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Rood v. Liberty Insurance Underwriters, Inc.

United States District Court, D. Nevada

July 2, 2018

MARTIN S. ROOD, Plaintiffs,
v.
LIBERTY INSURANCE UNDERWRITERS, INC., Defendants.

          ORDER, Docket No. 26

          Nancy J. Koppe United States Magistrate Judge

         Pending before the Court is Defendant's motion to compel. Docket No. 26. Plaintiff filed a response in opposition. Docket No. 29. Defendant filed a reply. Docket No. 33. The Court finds the motion properly resolved without a hearing. See Local Rule 78-1. For the reasons discussed below, Defendant's motion to compel is GRANTED.

         “[B]road discretion is vested in the trial court to permit or deny discovery.” Hallett v. Morgan, 296 F.3d 732, 751 (9th Cir. 2002); see also Crawford-El v. Britton, 523 U.S. 574, 598 (1998). When a party fails to provide discovery and the parties' attempts to resolve the dispute without Court intervention are unsuccessful, the opposing party may seek an order compelling that discovery. Fed.R.Civ.P. 37(a). The party seeking to avoid discovery bears the burden of showing why that discovery should not be permitted. Blankenship v. Hearst Corp., 519 F.2d 418, 429 (9th Cir. 1975); see also Carr v. State Farm Mut. Auto. Ins. Co., 312 F.R.D. 459, 469 (N.D. Tex. 2015) (addressing burdens following 2015 amendments to discovery rules). The party resisting discovery must specifically detail the reasons why each request is irrelevant or otherwise objectionable, and may not rely on boilerplate, generalized, conclusory, or speculative arguments. See, e.g., F.T.C. v. AMG Servs., Inc., 291 F.R.D. 544, 552 (D. Nev. 2013). Arguments against discovery must be supported by “specific examples and articulated reasoning.” U.S. E.E.O.C. v. Caesars Ent., 237 F.R.D. 428, 432 (D. Nev. 2006).

         Defendant moves to compel further responses to written discovery from Plaintiff. In particular, Defendant argues that Plaintiff's responses provided to Interrogatories 2, 7, 8, 9, 12, 1314, 15, 16, 17, and 18 are deficient. Docket No. 26 at 9-17. Defendant argues that Plaintiff has also failed to verify his interrogatory responses. Id. at 9. Defendant further argues that Plaintiff's responses to Requests for Production 3, 4, 6, 9, 10, 11, and 12 are deficient. Id. at 17-22.

         Tantamount to the schoolyard comeback of “I know you are, but what am I, ” see, e.g., Pee Wee's Big Adventure (Warner Bros. 1985), Plaintiff provides no justification for his own discovery responses and, instead, points to aspects of Defendant's discovery responses that Plaintiff contends are similar, see Docket No. 29 at 9-12.[1] Plaintiff cites no legal authority standing for the proposition that he need not provide discovery that complies with the Federal Rules of Civil Procedure based solely on purported discovery violations by the opposing party. The discovery rules do not envision this kind of playground tantrum. Cf. Fed. R. Civ. P. 26(a)(1)(E) (“A party is not excused from making its disclosures because . . . another party has not made its disclosures”); see also Public Health Equip. & Supply Co., Inc. v. Clarke Mosquito Control Prods., Inc., No. SA-08-cv-0895 OG (NN), 2011 WL 2470059, at *2 (W.D. Tex. June 16, 2011) (an argument of “unclean hands” has “no place in the analysis of a motion to compel brought pursuant to the federal discovery rules”).[2]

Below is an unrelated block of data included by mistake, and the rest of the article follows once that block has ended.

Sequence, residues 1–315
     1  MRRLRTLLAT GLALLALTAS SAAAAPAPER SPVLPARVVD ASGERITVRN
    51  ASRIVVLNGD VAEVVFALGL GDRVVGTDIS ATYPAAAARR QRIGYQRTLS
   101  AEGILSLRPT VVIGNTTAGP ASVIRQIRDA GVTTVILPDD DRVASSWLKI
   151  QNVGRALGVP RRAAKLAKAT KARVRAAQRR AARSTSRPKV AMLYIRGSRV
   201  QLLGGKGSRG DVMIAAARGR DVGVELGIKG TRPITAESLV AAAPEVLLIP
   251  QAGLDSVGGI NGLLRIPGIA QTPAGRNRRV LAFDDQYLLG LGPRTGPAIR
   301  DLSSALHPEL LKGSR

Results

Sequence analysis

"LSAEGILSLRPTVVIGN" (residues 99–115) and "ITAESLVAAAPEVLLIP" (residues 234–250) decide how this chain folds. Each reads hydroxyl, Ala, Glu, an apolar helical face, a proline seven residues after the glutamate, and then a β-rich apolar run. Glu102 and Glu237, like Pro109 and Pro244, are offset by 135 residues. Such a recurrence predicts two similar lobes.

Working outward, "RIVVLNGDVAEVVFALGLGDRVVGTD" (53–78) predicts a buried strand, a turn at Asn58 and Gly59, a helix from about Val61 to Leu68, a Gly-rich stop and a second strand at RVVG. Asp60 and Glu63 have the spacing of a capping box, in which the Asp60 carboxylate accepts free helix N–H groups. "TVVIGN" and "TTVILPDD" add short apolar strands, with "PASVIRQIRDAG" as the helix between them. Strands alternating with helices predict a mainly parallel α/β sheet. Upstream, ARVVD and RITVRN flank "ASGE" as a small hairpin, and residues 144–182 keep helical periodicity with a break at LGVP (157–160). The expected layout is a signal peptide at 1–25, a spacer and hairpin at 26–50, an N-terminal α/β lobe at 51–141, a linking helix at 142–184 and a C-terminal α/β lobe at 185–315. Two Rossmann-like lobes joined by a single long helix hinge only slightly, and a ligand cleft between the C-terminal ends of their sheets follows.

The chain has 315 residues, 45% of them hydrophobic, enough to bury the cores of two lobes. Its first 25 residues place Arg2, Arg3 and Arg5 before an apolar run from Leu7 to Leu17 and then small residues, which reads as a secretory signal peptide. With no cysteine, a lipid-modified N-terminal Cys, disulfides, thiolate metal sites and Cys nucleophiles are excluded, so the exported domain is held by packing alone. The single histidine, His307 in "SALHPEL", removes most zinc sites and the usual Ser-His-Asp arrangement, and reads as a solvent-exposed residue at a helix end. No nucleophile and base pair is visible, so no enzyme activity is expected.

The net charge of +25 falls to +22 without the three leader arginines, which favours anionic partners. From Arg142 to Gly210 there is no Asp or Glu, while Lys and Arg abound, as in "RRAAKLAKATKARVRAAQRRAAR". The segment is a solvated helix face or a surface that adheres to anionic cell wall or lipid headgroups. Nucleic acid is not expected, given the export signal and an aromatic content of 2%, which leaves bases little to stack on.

Because Plaintiff provides no legally sufficient argument that he is not required to provide further discovery responses as requested by Defendant, he has not met his burden in opposing the motion to compel. Accordingly, Defendant's motion to compel is GRANTED. Plaintiff shall provide supplemental discovery responses as requested in Defendant's motion within 10 days of the issuance of this order.

         IT IS SO ORDERED.

---------

Notes:

[1] Plaintiff fails to address many of the specific issues raised in the motion to compel. For example, Defendant argues that Plaintiff improperly invoked the attorney-client privilege. Docket No. 26 at 12-13. Plaintiff's response provides no argument of any kind regarding that issue. See Docket No. 29 at 9-12. Plaintiff has acquiesced in the granting of Defendant's motion to compel with respect to any argument that he failed to address in his response. See Knickmeyer v. Nevada ex rel Eighth Judicial District Court, 173 F.Supp.3d 1034, 1044 (D. Nev. 2016); see also Kiessling v. Rader, No. 2:16-cv-0690-GMN-NJK, 2018 WL 1401972, at *3 (D. Nev. Mar. 20, 2018) (arguments are waived if not included in response to motion to compel).

[2] Plaintiff brought his own motion to compel, which the Court denies without prejudice through an order issued concurrently herewith. The Court expresses no opinion herein as to whether ...


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